Researchers from Canada have developed a kind of blood test that can predict whether or a not a woman, who has undergone breast cancer treatment, have a relapse, reported Mail Online.
Early indicator of a cancer recurrence could help save many lives. In the year 2012 alone, some 200,000 women were diagnosed with breast cancer while an estimated 39,000 women died from the cancer in the U.S., the study reported.
"If we can accurately predict which women are at high risk of breast cancer recurrence, it gives the physicians and oncologists treating these women time to design a more aggressive therapy in the hopes of preventing the cancer from coming back," said Sambasivarao Damaraju, one of the study authors, from University of Alberta, Mail Online reports.
The new blood test mainly assess a person's risk of getting a type of breast cancer called luminal A breast cancer which is thought to be less life-threatening than other type of cancers.
To develop the blood test, researchers first analyzed DNA samples taken from 369 breast cancer patients who had undergone treatment. Of these 369 women, 155 suffered from a breast cancer relapse while 214 did not. Researchers found certain genetic changes in women who didn't have a cancer relapse, and this, they say lead them to find markers that could show a person's risk of developing the cancer again.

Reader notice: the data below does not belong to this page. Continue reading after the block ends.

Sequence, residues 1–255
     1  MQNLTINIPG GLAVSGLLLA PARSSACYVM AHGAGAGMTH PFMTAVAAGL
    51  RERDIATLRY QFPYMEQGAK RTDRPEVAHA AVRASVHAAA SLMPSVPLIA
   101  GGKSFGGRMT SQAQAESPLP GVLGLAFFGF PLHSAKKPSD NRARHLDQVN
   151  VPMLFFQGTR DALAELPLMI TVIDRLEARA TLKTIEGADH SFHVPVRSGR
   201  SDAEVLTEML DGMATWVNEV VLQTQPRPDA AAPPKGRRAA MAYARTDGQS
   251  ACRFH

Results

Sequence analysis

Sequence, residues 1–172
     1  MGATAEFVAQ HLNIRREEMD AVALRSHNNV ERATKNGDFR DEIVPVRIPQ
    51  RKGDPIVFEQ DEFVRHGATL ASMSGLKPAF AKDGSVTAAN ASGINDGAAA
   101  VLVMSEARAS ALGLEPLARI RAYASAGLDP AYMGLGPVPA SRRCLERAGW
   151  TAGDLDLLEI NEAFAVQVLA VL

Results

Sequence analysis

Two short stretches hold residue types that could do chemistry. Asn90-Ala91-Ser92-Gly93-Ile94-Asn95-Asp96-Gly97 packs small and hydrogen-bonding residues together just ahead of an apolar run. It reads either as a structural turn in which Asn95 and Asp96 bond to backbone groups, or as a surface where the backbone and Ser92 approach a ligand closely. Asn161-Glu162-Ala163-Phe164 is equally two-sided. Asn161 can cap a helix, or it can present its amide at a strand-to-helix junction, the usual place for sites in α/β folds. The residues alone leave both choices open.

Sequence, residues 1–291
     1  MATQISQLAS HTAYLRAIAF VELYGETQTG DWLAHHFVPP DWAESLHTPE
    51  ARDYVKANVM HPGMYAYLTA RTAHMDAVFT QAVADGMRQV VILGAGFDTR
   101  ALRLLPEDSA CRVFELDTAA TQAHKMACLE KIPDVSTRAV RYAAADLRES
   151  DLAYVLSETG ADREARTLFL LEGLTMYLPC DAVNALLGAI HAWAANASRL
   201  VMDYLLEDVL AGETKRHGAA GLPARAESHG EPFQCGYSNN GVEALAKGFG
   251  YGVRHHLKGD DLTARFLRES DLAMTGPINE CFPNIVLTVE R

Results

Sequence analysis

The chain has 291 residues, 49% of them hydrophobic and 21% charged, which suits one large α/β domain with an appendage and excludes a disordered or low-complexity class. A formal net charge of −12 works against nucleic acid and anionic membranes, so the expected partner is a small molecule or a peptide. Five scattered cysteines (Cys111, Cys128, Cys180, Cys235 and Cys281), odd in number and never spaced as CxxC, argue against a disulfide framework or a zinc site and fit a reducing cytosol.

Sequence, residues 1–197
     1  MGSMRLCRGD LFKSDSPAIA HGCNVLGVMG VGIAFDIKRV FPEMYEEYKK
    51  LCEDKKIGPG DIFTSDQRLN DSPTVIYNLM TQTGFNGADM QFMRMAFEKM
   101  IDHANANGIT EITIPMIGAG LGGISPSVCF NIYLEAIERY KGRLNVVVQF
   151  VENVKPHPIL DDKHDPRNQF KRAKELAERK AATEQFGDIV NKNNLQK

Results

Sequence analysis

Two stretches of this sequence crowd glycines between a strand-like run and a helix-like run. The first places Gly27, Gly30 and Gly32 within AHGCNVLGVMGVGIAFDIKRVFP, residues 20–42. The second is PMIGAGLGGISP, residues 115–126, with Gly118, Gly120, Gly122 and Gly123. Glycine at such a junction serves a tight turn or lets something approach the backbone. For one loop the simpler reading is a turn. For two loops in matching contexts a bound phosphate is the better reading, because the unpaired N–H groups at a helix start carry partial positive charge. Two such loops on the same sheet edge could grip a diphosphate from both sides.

'Treatment strategies could be tailor-made for these women based on their genetic make-up and how susceptible it makes them to breast cancer recurrence," Damaraju said, Mail Online reported.
The study is published in the journal PLOS ONE.
Breast cancer is one of the most common cancer diagnosed in women in the U.S. Despite its high prevalence, researchers aren't sure why normal breast cells turn cancerous. According to most experts, breast cancer is caused by a combination of genetic, hormonal and environmental factors.